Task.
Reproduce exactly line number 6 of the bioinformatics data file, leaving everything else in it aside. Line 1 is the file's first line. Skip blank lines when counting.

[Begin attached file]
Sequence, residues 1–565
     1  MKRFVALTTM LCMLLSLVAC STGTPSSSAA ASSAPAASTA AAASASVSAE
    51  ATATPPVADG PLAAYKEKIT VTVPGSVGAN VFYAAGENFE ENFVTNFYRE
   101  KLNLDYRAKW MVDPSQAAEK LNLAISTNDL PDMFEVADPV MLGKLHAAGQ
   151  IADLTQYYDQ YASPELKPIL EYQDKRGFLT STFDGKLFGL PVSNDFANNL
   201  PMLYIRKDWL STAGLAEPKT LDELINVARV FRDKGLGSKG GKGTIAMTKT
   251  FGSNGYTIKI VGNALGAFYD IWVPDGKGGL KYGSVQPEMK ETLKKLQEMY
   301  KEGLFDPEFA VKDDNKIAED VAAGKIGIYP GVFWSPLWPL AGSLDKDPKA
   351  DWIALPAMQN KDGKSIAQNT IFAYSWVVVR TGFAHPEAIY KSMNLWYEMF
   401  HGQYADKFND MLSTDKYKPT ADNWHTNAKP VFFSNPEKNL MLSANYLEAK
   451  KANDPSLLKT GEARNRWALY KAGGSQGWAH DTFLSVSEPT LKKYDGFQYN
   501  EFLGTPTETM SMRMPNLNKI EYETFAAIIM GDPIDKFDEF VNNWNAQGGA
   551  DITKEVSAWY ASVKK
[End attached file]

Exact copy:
   201  PMLYIRKDWL STAGLAEPKT LDELINVARV FRDKGLGSKG GKGTIAMTKT